Wood: How many followers does a bot need before it can have a significant impact on our online conversations?

Menczer: We’ve tried to explore that question by building a model that simulates a social media network. In this simulated system, we can play with the world and ask “what if” questions. One of the metrics that we can use in this simulated system is what you described, that is, how many humans follow these bots. What we find, not surprisingly, is that the more bots you have, the more quality of the information in the system goes down. If there are enough of them — if bots have enough users — you can basically control the platform. So if I want to target a community — for example, people who are vulnerable to conspiracy theories — then I can create a bunch of bots that just retweet and mention people in this community and they follow them, and then they get followed. And after a while, they can become integral part of that community. And at that point, they can basically control it.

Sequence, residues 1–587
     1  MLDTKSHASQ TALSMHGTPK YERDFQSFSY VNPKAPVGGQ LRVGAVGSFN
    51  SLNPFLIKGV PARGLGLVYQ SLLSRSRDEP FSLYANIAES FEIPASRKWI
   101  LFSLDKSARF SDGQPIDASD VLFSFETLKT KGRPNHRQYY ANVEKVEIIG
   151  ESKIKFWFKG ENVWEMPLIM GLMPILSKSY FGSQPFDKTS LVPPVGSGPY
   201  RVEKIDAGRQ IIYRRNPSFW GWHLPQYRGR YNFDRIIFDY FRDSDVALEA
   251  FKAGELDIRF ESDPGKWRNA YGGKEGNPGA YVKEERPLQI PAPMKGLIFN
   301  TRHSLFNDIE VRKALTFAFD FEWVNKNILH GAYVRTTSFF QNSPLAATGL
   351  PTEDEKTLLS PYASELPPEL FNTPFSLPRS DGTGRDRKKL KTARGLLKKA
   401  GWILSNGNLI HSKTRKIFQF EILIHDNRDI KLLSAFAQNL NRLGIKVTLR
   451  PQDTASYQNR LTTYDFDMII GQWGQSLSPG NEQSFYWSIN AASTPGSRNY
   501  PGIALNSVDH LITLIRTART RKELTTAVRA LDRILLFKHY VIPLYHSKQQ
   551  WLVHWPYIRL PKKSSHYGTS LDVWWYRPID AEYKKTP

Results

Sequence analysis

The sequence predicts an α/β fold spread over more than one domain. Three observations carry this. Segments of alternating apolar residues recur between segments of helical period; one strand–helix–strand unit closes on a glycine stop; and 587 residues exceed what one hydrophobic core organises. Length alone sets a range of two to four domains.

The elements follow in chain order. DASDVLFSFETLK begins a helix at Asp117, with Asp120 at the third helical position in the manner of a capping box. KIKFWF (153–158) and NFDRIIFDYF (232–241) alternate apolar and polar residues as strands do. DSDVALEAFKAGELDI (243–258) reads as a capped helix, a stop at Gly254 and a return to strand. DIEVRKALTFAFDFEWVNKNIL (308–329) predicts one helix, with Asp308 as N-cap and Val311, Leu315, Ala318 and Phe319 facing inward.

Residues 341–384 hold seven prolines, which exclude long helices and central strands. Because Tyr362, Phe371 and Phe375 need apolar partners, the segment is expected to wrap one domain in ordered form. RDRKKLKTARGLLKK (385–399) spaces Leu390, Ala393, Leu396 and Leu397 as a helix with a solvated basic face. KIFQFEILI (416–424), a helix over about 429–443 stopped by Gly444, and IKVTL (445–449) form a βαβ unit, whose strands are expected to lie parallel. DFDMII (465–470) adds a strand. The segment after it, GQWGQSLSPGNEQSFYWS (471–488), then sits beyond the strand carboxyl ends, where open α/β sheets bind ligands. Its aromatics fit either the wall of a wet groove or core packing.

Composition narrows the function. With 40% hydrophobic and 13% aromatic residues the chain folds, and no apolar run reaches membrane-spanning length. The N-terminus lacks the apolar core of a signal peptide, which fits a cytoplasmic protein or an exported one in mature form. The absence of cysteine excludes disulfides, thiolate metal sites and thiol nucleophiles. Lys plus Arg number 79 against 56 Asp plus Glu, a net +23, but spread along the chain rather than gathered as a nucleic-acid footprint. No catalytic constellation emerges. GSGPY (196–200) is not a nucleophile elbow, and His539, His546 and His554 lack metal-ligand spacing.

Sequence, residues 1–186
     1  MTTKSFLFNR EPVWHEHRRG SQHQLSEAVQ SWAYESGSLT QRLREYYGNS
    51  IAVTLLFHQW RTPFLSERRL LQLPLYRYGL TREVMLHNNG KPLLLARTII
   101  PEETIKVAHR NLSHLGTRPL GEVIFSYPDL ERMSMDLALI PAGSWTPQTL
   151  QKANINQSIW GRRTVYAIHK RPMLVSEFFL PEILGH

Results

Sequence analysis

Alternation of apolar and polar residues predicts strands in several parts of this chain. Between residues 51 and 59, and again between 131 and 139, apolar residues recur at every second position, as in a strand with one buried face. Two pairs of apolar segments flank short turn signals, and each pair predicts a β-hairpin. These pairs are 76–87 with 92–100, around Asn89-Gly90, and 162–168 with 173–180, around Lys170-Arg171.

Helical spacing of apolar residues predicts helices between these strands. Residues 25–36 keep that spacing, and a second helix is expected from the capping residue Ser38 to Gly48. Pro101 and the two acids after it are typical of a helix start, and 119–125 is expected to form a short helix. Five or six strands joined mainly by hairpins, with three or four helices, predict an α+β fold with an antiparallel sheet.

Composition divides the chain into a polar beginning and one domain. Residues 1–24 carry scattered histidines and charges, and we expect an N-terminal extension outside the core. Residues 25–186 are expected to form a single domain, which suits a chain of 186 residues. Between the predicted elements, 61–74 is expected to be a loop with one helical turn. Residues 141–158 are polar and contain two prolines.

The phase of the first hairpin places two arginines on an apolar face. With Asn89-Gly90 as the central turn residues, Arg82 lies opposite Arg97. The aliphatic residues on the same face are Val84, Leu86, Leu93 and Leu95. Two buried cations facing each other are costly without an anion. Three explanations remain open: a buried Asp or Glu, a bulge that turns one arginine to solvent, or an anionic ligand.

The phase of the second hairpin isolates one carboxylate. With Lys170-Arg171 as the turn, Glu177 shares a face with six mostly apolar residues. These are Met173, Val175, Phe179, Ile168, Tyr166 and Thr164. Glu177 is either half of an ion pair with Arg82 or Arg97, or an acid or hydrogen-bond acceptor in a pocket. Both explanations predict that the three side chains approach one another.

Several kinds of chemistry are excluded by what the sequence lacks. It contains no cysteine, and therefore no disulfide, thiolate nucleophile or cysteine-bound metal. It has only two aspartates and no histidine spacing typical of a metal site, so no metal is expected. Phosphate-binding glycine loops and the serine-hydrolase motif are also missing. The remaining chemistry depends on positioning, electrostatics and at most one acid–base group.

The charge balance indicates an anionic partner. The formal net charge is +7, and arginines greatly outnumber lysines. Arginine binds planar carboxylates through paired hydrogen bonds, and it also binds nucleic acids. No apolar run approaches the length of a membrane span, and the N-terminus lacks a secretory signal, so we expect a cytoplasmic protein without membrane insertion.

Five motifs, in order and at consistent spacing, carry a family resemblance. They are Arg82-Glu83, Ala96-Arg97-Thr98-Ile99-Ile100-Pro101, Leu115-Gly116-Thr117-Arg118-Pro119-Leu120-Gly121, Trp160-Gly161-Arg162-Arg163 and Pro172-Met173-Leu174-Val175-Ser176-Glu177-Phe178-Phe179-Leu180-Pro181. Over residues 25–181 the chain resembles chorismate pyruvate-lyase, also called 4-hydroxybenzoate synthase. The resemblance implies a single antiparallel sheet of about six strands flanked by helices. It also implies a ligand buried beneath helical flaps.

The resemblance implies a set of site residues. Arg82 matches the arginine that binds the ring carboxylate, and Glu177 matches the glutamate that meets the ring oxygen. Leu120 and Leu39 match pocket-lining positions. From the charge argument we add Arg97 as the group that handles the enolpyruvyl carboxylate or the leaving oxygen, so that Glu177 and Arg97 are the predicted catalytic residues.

Wood: There’s a law in California and a discussion about federal efforts to force bots to identify themselves when they’re interacting with people, especially around political messaging. What are the complications around that solution?

Menczer: I believe that that seems like a very reasonable thing. But there are those who argue that this is an infringement on the First Amendment — bots somehow have free speech rights. The idea is that there is somebody behind those bots, and those people should not be limited in what they say. On the other hand, there are opinions, including mine, that say that if you don’t impose any limits on that kind of speech, then you’re allowing people to suppress other people’s speech, because I can create thousands of fake accounts. And just by flooding the network with junk, I can keep other people who are real humans from being heard.